Shifter had reasons for what he was doing. Money, probably. It was almost always about money down here in the Valley. He probably needed it to pay off the cartels, and unlike Suken, he didn’t give a monkey’s diseased shit who he hurt in the process so long as it saved his own skin.
The girl shuddered, her red-rimmed eyes fixed on Suken’s face. Tears had tracked clean lines through the dust caked on her face. She knew that Suken would help her. That he’d save her. He saw it in her eyes.
Suken wasn’t about to let her down.
“You’re not getting out of here,” Suken said. “Not with her, or without her. But if you let her go and come quietly, you won’t be charged with the murder of a child. The child of a rich lord, I might add. Old Garron’ll be able to buy any judge in the damned city. Kill her and you won’t live to see daybreak.”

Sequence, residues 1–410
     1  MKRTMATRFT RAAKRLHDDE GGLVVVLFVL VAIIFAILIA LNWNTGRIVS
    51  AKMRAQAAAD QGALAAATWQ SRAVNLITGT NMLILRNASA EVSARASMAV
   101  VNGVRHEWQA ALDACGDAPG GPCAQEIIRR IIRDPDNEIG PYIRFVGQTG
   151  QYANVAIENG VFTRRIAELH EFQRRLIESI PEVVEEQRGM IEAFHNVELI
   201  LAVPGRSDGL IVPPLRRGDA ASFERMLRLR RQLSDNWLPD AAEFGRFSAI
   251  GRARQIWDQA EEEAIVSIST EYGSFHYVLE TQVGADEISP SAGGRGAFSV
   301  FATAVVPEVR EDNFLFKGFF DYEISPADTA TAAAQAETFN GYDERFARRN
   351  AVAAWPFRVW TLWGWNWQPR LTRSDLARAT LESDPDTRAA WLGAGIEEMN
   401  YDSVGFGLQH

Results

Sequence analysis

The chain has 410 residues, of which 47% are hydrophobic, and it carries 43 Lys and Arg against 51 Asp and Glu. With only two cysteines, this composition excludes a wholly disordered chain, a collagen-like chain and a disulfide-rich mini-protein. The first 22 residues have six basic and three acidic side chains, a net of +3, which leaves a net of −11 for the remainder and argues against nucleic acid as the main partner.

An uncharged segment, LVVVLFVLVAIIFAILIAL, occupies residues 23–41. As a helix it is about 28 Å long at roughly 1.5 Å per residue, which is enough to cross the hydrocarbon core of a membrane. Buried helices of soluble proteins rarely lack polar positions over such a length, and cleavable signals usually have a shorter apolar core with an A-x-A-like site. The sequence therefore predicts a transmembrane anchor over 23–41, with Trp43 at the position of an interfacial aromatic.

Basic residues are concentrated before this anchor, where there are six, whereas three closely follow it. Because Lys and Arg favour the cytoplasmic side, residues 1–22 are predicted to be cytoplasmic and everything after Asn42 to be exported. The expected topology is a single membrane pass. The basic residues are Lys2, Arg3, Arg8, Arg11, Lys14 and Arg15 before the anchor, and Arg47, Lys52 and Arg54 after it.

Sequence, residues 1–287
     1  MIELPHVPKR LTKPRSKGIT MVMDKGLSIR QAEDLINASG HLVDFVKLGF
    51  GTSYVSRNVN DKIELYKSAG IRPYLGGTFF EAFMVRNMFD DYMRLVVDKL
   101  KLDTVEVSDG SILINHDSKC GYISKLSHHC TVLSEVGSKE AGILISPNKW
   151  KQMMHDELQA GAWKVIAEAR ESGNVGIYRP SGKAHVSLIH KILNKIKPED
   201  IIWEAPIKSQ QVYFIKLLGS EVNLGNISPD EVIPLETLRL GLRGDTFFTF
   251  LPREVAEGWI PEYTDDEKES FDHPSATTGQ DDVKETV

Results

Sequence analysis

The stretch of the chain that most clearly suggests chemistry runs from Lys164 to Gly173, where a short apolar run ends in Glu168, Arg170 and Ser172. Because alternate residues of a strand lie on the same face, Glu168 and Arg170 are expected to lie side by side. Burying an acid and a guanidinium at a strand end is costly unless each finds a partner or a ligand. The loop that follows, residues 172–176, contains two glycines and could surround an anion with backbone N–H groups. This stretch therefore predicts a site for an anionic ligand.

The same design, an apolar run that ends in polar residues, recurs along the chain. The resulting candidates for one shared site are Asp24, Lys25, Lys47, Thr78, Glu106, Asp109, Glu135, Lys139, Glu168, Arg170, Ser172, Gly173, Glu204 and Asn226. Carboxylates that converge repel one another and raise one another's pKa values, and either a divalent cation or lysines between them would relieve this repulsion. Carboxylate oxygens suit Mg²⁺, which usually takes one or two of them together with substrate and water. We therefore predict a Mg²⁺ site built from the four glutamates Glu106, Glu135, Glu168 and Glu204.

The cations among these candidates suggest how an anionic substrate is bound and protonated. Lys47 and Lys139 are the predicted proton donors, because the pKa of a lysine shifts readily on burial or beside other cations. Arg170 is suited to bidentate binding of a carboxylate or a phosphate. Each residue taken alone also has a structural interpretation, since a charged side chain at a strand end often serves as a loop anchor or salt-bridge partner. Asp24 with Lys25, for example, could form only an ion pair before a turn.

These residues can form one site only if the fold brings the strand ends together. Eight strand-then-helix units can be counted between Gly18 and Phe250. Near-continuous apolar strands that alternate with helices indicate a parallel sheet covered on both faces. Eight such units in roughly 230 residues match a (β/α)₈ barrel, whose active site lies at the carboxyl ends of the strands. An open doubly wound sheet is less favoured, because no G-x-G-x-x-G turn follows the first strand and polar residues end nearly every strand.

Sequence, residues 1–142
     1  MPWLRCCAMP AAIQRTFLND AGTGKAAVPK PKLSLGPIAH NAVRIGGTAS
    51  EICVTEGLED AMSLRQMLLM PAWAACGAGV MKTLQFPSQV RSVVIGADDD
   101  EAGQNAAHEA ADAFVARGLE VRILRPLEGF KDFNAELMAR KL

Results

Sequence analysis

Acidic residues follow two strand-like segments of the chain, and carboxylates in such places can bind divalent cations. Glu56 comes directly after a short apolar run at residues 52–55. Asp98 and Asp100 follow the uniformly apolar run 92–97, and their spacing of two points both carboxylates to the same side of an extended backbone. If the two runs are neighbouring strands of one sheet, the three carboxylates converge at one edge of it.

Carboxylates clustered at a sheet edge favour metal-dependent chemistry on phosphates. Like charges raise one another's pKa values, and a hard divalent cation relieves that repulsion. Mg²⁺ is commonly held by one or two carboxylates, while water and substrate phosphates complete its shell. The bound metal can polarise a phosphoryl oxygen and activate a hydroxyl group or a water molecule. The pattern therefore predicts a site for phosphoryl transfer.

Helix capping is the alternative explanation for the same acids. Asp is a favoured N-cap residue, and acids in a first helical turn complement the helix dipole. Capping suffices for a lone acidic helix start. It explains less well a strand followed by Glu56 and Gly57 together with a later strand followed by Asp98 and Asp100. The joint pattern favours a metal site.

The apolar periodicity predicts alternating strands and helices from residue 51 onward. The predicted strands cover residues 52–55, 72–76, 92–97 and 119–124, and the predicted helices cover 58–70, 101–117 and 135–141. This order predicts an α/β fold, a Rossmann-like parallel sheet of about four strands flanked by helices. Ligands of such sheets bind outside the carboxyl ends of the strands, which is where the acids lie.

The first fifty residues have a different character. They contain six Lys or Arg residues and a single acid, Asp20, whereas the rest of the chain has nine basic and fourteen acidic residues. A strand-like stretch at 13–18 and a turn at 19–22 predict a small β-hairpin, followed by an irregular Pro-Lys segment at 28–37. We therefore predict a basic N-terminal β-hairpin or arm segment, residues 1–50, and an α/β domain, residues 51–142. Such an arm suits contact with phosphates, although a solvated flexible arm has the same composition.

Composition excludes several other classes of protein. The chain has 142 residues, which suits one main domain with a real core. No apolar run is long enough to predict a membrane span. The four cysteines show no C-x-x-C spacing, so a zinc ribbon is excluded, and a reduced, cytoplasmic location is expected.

“Lord Garron,” Shifter snarled, “isn’t who he pretends to be.”
“I don’t give a damn who he is,” Suken said. “The way I see it, you’ve got two choices.” He lifted one blood-stained finger, ignoring how his hand throbbed. “One, you drop that knife and get charged with kidnapping and aggravated assault. Two,” he lifted a second finger and pitched his voice down, “You kill the girl, and I make sure that you regret that decision before I turn you over to the guards. You’ll keep regretting it until they march you to the Arrival Circle and fit the noose around your neck.” He took another step forward, lowering his voice still further. “It’s not too late. No one has to die here today.”
Shifter’s eyes darted to the closest door and back to Suken.
Suken saw what he intended in one moment of horrified realization.